• The UK housing market’s recovery continues, providing some optimism following a dismal GDP print
  • UK economy contracted twice as much as Germany’s economy in Q2
  • Euro (EUR) advanced in risk on trading despite industrial production missing expectations
  • German inflation data in focus, -0.5% mom decline forecast

The Pound Euro exchange rate (GBP/EUR) is holding steady in early trade on Thursday. The pair settled on Wednesday -0.5% at €1.1057, marginally above the low of the day at €1.1042. At 05:15 UTC, GBP/EUR trades with no change at €1.1057.

Upbeat housing price data is helping investors move on from yesterday’s dismal GDP data. Britain’s rebound in the housing market continues to gather pace, with The Royal Institute of Chartered Surveyors’ house price index turning positive for the first time since the start of the coronavirus crisis. However, the outlook is less certain as fears grow over how the housing market will cope when the stamp duty holiday comes to an end in March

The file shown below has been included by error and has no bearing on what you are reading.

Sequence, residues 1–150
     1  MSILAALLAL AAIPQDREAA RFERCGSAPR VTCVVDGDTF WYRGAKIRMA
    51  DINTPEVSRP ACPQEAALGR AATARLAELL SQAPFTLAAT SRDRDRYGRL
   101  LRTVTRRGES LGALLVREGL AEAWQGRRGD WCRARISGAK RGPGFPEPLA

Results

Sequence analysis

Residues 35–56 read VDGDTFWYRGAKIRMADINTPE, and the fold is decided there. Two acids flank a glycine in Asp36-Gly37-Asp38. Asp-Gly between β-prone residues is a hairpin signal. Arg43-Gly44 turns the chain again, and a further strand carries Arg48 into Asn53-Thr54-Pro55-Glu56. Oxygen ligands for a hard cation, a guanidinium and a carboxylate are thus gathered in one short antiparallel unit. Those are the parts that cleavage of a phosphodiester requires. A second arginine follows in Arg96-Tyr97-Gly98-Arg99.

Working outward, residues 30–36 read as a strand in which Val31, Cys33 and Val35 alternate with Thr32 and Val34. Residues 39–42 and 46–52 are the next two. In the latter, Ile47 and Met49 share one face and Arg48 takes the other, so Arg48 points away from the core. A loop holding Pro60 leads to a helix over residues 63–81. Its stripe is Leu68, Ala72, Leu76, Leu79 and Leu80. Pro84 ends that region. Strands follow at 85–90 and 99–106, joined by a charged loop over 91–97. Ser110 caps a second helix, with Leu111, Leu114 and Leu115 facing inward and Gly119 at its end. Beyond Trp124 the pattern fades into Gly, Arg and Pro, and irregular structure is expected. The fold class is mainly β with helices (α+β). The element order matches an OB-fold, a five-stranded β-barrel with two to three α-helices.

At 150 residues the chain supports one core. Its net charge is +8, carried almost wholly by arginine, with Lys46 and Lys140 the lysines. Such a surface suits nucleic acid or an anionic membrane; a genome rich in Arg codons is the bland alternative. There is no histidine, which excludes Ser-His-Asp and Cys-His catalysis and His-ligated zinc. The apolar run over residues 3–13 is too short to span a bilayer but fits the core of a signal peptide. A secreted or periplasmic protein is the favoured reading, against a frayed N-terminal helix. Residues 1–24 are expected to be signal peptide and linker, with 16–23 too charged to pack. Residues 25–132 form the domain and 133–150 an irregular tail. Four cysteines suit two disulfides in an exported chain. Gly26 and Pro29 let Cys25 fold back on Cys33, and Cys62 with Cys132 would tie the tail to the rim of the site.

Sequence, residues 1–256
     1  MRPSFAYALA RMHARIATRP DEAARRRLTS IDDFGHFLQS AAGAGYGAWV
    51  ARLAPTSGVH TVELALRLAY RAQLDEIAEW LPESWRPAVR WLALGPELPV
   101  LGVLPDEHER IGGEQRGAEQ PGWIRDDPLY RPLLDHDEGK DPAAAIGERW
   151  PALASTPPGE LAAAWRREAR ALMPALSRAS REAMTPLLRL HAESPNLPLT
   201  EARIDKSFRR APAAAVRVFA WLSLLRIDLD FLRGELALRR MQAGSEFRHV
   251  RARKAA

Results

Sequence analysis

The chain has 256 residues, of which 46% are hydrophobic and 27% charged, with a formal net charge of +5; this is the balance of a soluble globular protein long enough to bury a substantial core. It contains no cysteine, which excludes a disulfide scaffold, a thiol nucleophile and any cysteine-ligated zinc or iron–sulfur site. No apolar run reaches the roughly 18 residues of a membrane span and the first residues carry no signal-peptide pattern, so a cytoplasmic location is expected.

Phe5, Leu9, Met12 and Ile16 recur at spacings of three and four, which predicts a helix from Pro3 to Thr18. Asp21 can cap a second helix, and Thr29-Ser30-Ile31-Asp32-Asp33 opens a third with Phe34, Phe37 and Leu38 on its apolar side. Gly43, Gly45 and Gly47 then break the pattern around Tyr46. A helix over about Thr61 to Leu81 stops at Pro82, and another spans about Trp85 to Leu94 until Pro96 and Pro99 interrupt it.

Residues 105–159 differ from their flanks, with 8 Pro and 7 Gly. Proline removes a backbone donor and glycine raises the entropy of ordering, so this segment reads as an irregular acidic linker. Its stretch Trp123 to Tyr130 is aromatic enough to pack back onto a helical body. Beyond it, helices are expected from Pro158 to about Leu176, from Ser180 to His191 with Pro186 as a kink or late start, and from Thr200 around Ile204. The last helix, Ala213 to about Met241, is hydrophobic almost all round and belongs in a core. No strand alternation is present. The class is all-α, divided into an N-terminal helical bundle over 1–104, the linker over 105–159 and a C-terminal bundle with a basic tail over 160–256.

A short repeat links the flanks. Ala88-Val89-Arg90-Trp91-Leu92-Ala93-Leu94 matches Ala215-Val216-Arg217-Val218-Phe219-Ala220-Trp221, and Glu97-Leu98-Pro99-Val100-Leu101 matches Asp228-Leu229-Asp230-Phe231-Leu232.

The Pound sold off in the previous session after data from the Office of National Statistics revealed that the UK experienced its deepest economic recession since records began. In the three-month April – June period, the period worst hit by the coronavirus lockdown, the UK economy shrank by -20.4%. This followed a -2.2% decline in the first three months of the year.

The UK economy fared significantly worse than its European peers. For example, Germany’s economy contracted by -10.2% in the same quarter, roughly half. This is because of the composition of the UK economy which is so heavily focused on the service sector which includes hospitality and retail, the two areas most effected by lockdown measures and social distancing.

The Euro pushed broadly higher in the previous session, boosted by a risk on mood in the market which enabled investors to look past the slightly disappointing industrial production figures for the region.

Industrial production grew by 9.1% in June confirming that the recovery in production from lockdown continues. The increase comes following a 12.3% increase in May, meaning that the pace o the recovery has slowed but only slightly in the second month of reopening the economy. Analysts had been expecting a 10% jump. Economists believe that the recovery could slow further from here due to a lack of demand following the crisis and supply chain disruption.

Attention will remain on the economic calendar with the release of German inflation data. Analysts expect to see a -0.5% decline in inflation month on month.